Understanding is the first step to healing
With high-profile sufferers such as Olympian Clara Hughes breaking their silence, depression is finally getting the attention it deserves. We break some of the most common—and most damaging—myths about this common illness.
From Canadian Olympic athlete Clara Hughes, who candidly talks about her struggle, to beloved comedian Robin Williams, who lost his struggle with the illness, depression is finally getting the attention it deserves.
The Canadian Mental Health Association says that mental illness affects all Canadians at some time, either through family members, friends, or colleagues, and that about 20 percent of Canadians will experience some form of mental illness in their lifetime.
While the statistics are sobering and a number of high-profile people have talked openly about it, there are still long-standing myths that persist and prevent us from fully understanding depression.
“Depression is so misunderstood because it is a disease of the mind that remains a mystery to most. It is not like a physical ailment—such as a broken leg or arm—where the cast becomes a clear signal to the observer that something has happened,” says Christina Bjorndal, an Edmonton, Alberta-based doctor of naturopathic medicine who specializes in depression.
Some of the most popular, and perhaps the most damaging, myths around depression are that it only happens to other people and that it is just about “feeling sad.”
Depression can happen to anyone, at any age or stage of life. What made Clara Hughes’s story so poignant was that she was at the pinnacle of her athletic career.
Despite her many Olympic wins, Hughes has long spoken out about depression and her fading feeling of happiness and joy. Before she was helped by a national team doctor, she didn’t even know she was depressed.
Another persistent myth is that depression is just about feeling down, but what a sufferer actually feels goes much deeper than that. Some of the symptoms of depression listed by the Public Health Agency of Canada amply demonstrate this:
“One of the most damaging myths about depression is that one can just “shake it off” or “get a hold of themselves,” says Nancy Tavares-Jones, a psychotherapist based in North York, Ontario. “If someone had diabetes, would you tell them to stop complaining and create insulin?”
“I think one of the most popular myths about depression is that you will never be able to come off an antidepressant. I find this damaging because it leaves people feeling like they are helpless or a victim—as if there is nothing they can do to change the circumstances of their situation,” says Bjorndal.
Depression often includes physical symptoms such as changes in weight or appetite, sleep disturbances, and decreased energy or fatigue. While we know that depression has been linked with heart disease, Danish scientists recently showed that even one depressive episode has long-lasting effects on a person’s mental well-being.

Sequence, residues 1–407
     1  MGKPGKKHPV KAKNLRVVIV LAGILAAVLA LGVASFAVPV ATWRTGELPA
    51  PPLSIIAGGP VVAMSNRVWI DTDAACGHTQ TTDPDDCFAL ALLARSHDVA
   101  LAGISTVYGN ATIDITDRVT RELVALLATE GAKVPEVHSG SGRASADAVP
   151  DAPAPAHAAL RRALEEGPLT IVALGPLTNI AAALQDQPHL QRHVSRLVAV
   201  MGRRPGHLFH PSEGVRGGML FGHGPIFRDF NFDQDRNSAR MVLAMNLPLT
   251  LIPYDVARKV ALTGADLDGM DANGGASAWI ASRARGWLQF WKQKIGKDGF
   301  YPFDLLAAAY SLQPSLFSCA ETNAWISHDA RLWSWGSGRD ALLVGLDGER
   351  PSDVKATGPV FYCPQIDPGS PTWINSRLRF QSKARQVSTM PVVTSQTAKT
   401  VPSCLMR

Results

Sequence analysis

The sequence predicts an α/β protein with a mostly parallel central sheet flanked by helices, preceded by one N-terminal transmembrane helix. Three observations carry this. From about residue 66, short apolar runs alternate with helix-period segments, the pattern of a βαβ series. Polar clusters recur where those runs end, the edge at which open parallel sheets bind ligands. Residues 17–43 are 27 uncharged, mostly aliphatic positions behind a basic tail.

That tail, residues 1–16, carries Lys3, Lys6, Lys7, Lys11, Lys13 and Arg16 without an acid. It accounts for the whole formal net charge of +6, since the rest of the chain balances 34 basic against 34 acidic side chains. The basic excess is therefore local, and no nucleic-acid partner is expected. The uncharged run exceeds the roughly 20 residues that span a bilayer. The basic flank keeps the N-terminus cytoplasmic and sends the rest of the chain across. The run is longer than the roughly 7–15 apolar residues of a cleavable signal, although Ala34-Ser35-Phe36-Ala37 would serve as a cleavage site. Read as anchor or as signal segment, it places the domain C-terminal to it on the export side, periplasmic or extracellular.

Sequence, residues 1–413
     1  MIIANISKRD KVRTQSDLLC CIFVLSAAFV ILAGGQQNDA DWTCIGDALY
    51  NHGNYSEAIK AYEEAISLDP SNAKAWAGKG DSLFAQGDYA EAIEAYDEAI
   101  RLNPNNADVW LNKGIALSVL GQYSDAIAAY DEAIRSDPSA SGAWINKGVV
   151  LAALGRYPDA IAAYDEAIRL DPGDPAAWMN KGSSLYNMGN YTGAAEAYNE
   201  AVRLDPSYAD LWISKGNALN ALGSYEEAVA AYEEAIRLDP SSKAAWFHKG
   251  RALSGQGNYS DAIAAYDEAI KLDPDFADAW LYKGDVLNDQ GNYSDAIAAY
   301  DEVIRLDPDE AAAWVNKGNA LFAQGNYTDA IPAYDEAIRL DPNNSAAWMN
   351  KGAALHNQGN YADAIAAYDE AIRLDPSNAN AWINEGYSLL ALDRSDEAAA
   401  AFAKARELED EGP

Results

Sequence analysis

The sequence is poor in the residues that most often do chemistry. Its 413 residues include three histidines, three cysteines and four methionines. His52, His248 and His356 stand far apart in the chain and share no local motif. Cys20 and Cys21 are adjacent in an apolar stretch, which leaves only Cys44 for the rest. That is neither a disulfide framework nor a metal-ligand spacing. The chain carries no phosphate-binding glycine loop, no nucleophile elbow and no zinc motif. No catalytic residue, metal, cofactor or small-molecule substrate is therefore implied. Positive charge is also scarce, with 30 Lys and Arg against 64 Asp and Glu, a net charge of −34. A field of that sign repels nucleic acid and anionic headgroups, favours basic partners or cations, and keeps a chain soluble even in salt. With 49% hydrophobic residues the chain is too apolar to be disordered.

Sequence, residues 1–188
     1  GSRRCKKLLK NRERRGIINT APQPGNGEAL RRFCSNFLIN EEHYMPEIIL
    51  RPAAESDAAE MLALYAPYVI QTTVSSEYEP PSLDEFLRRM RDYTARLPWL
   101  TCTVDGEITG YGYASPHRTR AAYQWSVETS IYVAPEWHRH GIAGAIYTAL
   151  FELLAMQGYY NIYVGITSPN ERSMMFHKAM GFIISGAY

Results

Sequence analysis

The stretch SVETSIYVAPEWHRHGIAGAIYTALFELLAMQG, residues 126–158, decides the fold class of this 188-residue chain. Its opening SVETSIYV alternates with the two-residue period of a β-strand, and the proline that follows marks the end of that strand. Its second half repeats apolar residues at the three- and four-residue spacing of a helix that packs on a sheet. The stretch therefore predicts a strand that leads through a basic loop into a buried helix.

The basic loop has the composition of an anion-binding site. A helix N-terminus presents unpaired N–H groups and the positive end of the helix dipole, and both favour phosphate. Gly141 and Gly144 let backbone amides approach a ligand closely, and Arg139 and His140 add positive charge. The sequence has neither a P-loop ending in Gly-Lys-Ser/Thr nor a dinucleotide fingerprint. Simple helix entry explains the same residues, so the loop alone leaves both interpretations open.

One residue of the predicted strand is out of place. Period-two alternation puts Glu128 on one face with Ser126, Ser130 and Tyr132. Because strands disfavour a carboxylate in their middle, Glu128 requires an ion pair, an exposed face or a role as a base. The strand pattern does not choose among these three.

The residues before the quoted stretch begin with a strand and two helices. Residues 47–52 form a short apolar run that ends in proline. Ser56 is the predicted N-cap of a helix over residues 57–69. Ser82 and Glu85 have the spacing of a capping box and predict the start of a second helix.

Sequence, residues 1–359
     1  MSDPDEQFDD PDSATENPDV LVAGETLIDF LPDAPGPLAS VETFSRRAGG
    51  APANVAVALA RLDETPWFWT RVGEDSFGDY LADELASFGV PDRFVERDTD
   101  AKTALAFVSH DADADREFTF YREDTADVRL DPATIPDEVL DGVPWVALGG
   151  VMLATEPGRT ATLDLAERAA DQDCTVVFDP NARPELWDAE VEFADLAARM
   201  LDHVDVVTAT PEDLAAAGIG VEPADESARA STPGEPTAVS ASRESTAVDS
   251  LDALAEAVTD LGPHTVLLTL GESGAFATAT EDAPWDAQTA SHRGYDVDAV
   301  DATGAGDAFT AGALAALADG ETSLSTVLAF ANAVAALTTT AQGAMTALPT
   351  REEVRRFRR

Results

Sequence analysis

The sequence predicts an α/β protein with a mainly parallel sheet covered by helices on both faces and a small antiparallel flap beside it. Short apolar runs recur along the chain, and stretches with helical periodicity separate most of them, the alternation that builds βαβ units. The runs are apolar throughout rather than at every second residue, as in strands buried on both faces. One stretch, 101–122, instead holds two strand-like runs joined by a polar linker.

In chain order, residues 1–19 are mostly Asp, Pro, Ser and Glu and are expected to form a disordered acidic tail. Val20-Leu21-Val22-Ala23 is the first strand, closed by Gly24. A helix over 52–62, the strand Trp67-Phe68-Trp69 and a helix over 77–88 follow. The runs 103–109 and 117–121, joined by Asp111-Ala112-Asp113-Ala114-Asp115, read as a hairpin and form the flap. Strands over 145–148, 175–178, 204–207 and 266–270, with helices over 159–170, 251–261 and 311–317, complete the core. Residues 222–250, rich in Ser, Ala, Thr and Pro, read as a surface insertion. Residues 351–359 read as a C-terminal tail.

They showed that a person’s “social cognition,” which is a name for the mental activities that allow each of us to understand our own thoughts, feelings, and intentions (including reading body language and facial expressions of others), continues to be impaired after just one depressive episode.
Research into what we put into our bodies is becoming increasingly relevant. Sugary drinks have been linked to depression, while coffee drinkers who drink four or more cups a day showed a decreased prevalence. Unsurprisingly, a nutrient-dense diet based on whole, fresh foods has also been shown to decrease the risk of and symptoms associated with depression.
“A good analogy to keep in mind is that if you don’t put the right type of gas in the car, the car won’t run properly,” says Bjorndal. She says the most often discussed neurotransmitter associated with depression is serotonin, but that in order to make serotonin, we need tryptophan, an essential amino acid.
Because our bodies can’t make tryptophan, we must get it from foods such as spinach, cheese, peanuts, fish, chicken and turkey, nuts and seeds, oats, and avocado. Also important are those nutrients that we need to convert tryptophan to serotonin, such as vitamins C, B6, and B3; zinc; and magnesium.
Similarly, lifestyle choices and mental and emotional outlook can also determine if and to what extent one suffers from depression. One recent study showed that high mobile phone use was associated with sleep disturbances and symptoms of depression in men and women. That same study showed that those who perceived they were constantly available and were feeling stressed because of it had a higher prevalence for mental health issues, including depression.
Depression is an illness in which the interplay between many facets of life all come together, including diet, stress, sleep, exercise, lifestyle, and emotional well-being. That wide array of influences is one reason why it can be so difficult to treat and to diagnose. However, it is those same factors that provide practitioners with an array of different tools to treat depression.
Omega-3 fatty acids are being studied as a possible treatment for depression. Essential for healthy brain function, omega-3s can be found in cold-water fish, flaxseeds, flax oil, walnuts and walnut oil, and other foods as well as in supplement form.
5-HTP (5-hydroxytryptophan) may play a role in improving serotonin levels, a chemical that affects mood, but more research is needed.
B-complex vitamins, especially folic acid and vitamin B6, may be helpful in mild depression.
Standardized extracts of St. John’s wort have long been used in Europe as a remedy for mild to moderate depression.
Low vitamin D levels have been linked to depression. One study showed that women with moderate to severe depression said their symptoms improved substantially after taking vitamin D.